Career CentreThoughts, Feelings

Leading Through Intrapreneurship

Leadership is more complex than is used to be. A significant change is how it’s applied in today’s workplace. In his book Start with Why: How Great Leaders Inspire Everyone to Take Action, Simon Sinek shares an important distinction between leaders and those who lead.

What’s in a Name?

Sinek describes leaders as managers, directors, and senior executives—people in positions of authority. Whereas people who lead are employees from all levels, who push the organization forward by transforming their bright ideas into projects of value, and inspire their colleagues to do the same. As the latter focuses on action rather than job position, what do we call people who lead? Simple—we call them intrapreneurs. Similar to entrepreneurs, intrapreneurs take ownership of their ideas, easily adapt to change, and drive innovation. Their work is underpinned by an entrepreneurial mindset that, willingly or not, is embraced by more organizations.  

As a student affairs professional and someone who is interested in the future of work, it’s important that I explore intrapreneurship and integrate it into my work for two reasons.

1. Good + Different

When John Austin reminds us to be “good and different, he is giving us the license to innovate, take risks, and develop impactful programs for Ryerson students. In every possible way, he is encouraging us to be intrapreneurs.

The Career Centre won two CACEE Excellence in Innovation awards for Student Engagement and Leadership last May. Though it was an honour to receive these awards in recognition of our work, we knew we had to remain good and different. And so, my colleagues spent the summer developing better versions of our award winning programs. Awards do not make an intrapreneur—what transpires after they win does.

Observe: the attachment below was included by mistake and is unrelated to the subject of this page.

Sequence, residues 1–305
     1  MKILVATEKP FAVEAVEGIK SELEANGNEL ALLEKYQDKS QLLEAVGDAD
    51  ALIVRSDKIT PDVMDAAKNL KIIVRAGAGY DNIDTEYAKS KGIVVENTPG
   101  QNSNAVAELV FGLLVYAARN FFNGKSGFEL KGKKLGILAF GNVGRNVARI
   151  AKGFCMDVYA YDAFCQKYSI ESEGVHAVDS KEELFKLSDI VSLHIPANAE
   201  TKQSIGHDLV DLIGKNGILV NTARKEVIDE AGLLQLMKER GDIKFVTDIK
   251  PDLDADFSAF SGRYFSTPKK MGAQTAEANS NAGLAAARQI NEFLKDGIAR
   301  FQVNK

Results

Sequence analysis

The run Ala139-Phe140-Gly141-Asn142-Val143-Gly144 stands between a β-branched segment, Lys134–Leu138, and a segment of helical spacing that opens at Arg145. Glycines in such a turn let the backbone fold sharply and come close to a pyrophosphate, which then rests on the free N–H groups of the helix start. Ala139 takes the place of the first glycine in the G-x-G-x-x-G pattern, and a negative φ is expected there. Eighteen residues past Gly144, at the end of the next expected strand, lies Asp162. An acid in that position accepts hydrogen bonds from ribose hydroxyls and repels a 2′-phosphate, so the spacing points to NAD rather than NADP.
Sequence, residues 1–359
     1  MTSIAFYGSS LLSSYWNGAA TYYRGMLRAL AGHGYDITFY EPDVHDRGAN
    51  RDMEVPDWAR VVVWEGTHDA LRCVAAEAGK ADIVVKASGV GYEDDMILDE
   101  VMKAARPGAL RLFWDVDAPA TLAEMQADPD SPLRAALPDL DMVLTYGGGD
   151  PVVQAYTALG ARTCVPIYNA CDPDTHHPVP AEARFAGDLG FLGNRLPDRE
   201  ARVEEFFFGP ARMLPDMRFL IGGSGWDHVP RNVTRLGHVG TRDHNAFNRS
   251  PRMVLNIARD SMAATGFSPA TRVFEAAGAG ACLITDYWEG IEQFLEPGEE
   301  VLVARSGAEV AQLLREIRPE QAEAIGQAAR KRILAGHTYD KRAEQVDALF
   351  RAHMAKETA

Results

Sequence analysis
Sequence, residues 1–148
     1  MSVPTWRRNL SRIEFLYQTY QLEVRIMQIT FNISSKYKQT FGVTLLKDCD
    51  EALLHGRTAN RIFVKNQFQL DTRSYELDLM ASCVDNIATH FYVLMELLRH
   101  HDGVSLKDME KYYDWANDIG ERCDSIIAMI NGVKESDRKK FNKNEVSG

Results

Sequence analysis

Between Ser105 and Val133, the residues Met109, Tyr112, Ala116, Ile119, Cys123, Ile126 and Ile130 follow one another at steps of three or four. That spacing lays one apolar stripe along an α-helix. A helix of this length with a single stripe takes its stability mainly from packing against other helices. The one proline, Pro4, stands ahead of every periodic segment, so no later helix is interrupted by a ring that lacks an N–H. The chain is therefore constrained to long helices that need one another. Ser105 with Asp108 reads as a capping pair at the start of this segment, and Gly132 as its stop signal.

2. Those Who Can, Do Teach

We’re fortunate to share Ryerson Student Affairs’ openness to collaboration and innovation with our students. We interact with students on a regular basis, and play a pivotal role in preparing them for what lies ahead. The world is moving quickly, and organizations need to hire employees who have the desire to keep up.

Companies like GE, Intel, Xerox, and 3M have implemented employee engagement programs that foster intrapreneurship. Some may argue that intrapreneurship can’t be taught, but I believe we can help students release the intrapreneurial traits within them. Career Boost, Ryerson’s experiential learning program, is the perfect place to start. Career Boost supervisors could keep these questions in mind when assigning students to a new task:

  1. Does this task give them an opportunity to problem-solve?
  2. Did I ask for their opinion or input?
  3. Will this task push their creativity?
  4. Will this task ignite their excitement?

Employers are attracted to students who can problem-solve, confidently share their ideas, think outside the box, and are engaged. If you are able to answer yes to at least two of the four questions, you are creating opportunities for students to practice their intrapreneurial skills, and ultimately making them more marketable to employers.

Why First, What Later

In his book, Sinek primarily writes about the importance of understanding your Why. Those who lead focus on the cause of action (why) first and then course of action (how) second. This way of leading will produce your results (what). But how does this relate to intrapreneurship?

In order for intrapreneurs to treat an organization as their own, they need to believe in its purpose, in its Why. If intrapreneurs don’t know why a system is needed, why a project is underway, and even why the organization exists, then how can they truly innovate? It’s difficult to think of new solutions if you don’t why you are solving the problem in the first place.

Knowing your Why is a lesson for all of us and the students we lead. Sometimes the Why is supported by data, and sometimes it’s connected to a gut feeling. Either way, you need to clarify your Why prior to innovating and implementing your ideas. If your Why isn’t clear to you and your colleagues, perhaps you’re creating work based on what you think is expected of your job position, rather than inspiring action. It’s time to find your inner intrapreneur and lead.